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The trade body for ISPs has today cautiously welcomed news that the government does not plan to build a massive, centralised database of communications data, but voiced fears about the cost to its members.

ISPA was responding to the Home Office's consultation on the Interception Modernisation Programme (IMP), published this morning.

"In particular ISPA welcomes the decision by Government to explicitly exclude a central database as a means for storing communications data," it said in a statement.

The intelligence and security agencies had campaigned within government for a central store for communications data. Home Secretary Jacqui Smith ruled the idea out today, citing privacy concerns. Instead, the government plans to spend £2bn to have ISPs intercept and process the data, ready for investigators on demand.

Such a system will mean providers will need to hire new staff and buy new equipment. ISPA said the government had to ensure it covered the costs with public money.

"In updating the government's capabilities in the new communications environment, ISPA expects government to commit to reimbursing service providers for any extra costs of storing and retrieving data as is required under existing legislation," it said.

Arrangements already exist to reimburse ISPs for the costs of retaining communications data as ordered by the EU data retention directive, which came into force earlier this month. Under the government's IMP proposals, they would be ordered to collect, store and process much more data, including from third party services running over their networks, such as Skype and Facebook.

BT and Virgin Media, the two largest ISPs, both said they would be examining the consultation in detail before responding.

BT said: "This is a complex topic and we look forward to studying the detail of the Government's proposals and responding in due course. We will, of course, continue to adhere to whatever rules and regulations apply to us."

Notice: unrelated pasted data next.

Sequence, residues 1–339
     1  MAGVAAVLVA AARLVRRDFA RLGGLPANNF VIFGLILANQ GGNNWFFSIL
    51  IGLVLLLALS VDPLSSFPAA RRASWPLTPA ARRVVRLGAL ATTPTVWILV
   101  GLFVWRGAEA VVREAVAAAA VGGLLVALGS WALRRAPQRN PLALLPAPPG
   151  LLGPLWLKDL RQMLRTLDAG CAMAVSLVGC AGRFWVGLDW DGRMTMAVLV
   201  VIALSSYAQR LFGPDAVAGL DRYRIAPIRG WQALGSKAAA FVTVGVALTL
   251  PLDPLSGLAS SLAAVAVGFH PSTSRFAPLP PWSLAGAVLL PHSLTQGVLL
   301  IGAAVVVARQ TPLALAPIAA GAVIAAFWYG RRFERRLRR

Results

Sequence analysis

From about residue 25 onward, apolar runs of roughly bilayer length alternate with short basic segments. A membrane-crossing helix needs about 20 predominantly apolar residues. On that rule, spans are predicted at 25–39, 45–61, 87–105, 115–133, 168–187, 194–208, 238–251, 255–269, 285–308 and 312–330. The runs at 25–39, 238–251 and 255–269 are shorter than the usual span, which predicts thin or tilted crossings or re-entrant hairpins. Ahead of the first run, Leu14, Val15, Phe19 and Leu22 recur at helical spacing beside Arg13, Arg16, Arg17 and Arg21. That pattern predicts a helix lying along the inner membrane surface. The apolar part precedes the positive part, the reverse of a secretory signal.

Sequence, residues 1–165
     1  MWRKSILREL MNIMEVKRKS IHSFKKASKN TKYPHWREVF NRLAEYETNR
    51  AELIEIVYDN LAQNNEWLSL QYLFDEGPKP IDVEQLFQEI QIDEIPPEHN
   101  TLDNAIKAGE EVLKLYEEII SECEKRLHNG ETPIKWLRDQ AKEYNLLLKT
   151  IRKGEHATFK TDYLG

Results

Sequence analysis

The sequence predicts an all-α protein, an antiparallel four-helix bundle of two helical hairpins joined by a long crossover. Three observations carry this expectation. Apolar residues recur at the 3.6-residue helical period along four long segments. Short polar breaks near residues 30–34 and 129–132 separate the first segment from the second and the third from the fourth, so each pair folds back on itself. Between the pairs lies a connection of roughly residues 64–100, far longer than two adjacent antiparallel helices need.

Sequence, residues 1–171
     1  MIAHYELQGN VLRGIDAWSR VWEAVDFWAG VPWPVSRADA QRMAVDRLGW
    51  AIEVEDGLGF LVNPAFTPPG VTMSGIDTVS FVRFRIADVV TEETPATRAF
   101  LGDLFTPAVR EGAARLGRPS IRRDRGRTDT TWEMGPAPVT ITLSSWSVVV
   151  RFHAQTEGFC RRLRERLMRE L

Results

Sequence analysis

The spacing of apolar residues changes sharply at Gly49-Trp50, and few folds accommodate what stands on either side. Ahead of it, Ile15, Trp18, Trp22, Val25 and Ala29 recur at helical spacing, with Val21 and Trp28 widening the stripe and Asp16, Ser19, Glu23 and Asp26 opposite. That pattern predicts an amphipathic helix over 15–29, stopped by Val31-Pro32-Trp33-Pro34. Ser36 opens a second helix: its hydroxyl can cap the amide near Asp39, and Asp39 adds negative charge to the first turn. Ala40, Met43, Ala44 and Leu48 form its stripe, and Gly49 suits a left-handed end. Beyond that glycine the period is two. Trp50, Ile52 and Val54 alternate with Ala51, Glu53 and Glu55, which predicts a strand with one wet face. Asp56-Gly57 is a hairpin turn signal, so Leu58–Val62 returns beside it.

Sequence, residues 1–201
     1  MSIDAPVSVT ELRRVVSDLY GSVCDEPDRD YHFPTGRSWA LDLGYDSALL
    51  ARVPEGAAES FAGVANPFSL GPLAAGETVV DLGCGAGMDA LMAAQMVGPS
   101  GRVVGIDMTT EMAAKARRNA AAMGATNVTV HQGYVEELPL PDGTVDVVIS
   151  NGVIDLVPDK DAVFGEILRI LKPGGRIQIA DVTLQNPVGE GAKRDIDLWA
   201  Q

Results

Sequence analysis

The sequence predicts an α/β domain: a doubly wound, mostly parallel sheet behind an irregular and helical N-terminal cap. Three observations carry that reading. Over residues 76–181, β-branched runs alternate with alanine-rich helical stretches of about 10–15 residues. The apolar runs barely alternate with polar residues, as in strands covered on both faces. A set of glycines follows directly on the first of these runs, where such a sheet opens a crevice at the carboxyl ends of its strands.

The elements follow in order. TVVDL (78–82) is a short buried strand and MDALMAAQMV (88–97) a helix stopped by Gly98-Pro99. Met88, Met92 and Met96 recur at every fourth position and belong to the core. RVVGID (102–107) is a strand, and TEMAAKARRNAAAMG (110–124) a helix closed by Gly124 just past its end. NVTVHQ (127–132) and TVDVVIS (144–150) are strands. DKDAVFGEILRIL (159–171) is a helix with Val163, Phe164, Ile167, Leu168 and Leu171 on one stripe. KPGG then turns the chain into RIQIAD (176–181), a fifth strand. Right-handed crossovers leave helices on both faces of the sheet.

Virgin Media said: "As a responsible ISP, Virgin Media understands the needs of law enforcement groups, however any policy changes must not sacrifice customers' privacy."

A source said IMP has privately received a frosty reception from many in the industry, who would prefer less contact with government. In 2007 authorities made more than half a million requests for phone and internet records.

Dr Richard Clayton, a Cambridge University researcher who has followed the development of IMP closely, said despite the decision not to store communications data centrally the programme as envisaged will represent a major increase in surveillance. "The Government seems to have bottled out from proposing a central communications database, because it is easy for anyone to understand how disproportionate it would be."

"But they are still proposing to force the ISPs and phone companies to record all the details about every website visit, every instant message, every tweet and every glance at a Facebook page."

The Conservatives welcomed the decision not to build a central database. "The big problem is that the Government has built a culture of surveillance which goes far beyond counter terrorism and serious crime. Too many parts of Government have too many powers to snoop on innocent people and that's really got to change," shadow Home Secretary Chris Grayling said.

"It is good that the Home Secretary appears to have listened to Conservative warnings about big brother databases. Now that she has finally admitted that the public don't want their details held by the State in one place, perhaps she will look at other areas in which the government is trying to do precisely that."

The Liberal Democrats called for strong safeguards around access to the surveillance data ISPs will collect. ®

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